There is no relief in sight for patients like Dee Strandvold who will lose an important resource when the Alta Bates Summit pain management clinic in Berkeley closes this year.
Strandvold, who suffers chronic back pain, will be among the hundreds left searching for new treatment centers because of the clinic’s financial problems under umbrella organization Sutter Health.
“ We can’t continue to provide a service when we can’t cover the cost of that care,” said Jill Gruen, spokesperson for Alta Bates Summit Medical Center.
For patients like Strandvold the explanation doesn’t ease the pain.
“If Medicare and Medi-Cal don’t pay enough, why must the disabled be the ones to pay?” Strandvold asked.
State Sen. Don Perata, D-Oakland, and Alameda County Supervisor Keith Carson have searched for ways to answer that question, but so far have been stymied in their efforts.
“We’re really just trying to bring the parties to the table so that the patients don’t have to go so far when they close this place,” Perata representative Simeon Gant said. “We’re urging the pain clinic to at least inform [the patients] of their options.”
Carson added that the county, while hoping to find a way to offer the missing service, is running into an ever-present hurdle in the health care industry – a lack of money.
“There are not currently any plans in motion for [the county to reopen the clinic]. There just isn’t a funding source,” Carson said. “Those services are needed but even the hospitals are having to fight hard for those dollars.”
County health Director Dave Kears has also been involved in trying to find a solution. Kears has requested that Alta Bates provide a profile of the program so that other agencies might try to replicate it but make the program pay for itself.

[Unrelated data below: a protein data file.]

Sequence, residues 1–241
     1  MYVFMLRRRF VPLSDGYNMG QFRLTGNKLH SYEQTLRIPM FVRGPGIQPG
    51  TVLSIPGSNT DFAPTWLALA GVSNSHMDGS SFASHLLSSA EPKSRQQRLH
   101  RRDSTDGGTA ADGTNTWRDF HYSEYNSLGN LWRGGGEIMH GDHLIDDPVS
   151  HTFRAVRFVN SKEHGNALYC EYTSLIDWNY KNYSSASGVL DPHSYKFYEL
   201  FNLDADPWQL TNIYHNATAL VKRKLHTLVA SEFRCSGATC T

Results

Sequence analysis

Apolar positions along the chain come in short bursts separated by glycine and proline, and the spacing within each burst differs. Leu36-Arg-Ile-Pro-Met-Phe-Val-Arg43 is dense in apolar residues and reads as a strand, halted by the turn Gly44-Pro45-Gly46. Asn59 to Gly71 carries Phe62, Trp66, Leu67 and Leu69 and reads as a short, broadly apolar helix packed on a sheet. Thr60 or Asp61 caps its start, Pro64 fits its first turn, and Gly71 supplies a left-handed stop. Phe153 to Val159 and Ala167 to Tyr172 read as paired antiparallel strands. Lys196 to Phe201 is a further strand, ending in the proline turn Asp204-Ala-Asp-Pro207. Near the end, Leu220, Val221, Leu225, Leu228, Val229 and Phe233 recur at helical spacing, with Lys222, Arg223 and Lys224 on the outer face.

Still, Kears acknowledged that the problem will probably get worse before it gets better.
“As health costs rise and the difficulty in paying for those services continues, this will be reoccurring,” Kears said.
Alta Bates clinic officially stopped accepting new patients July 15 and has been reducing its services ever since.
“We have a devoted full time staff dedicated to contacting patients and working with appropriate referrals,” said Alta Bates’ Gruen.
But this may not be good enough, patients say.
“I don’t know what will happen now,” Strandvold said. “I fear that if the pain clinic dies, I won’t be far behind it. Before the Summit pain clinic, I was in so much pain. I used to grind my teeth so hard I would break off my molars in my sleep.”
Strandvold and the “Painfighters”, a group of former patients organized to fight the clinic’s closing, will be holding a demonstration 11:30 a.m. Sept. 2 at the Summit South Pavilion, where the pain clinic is located.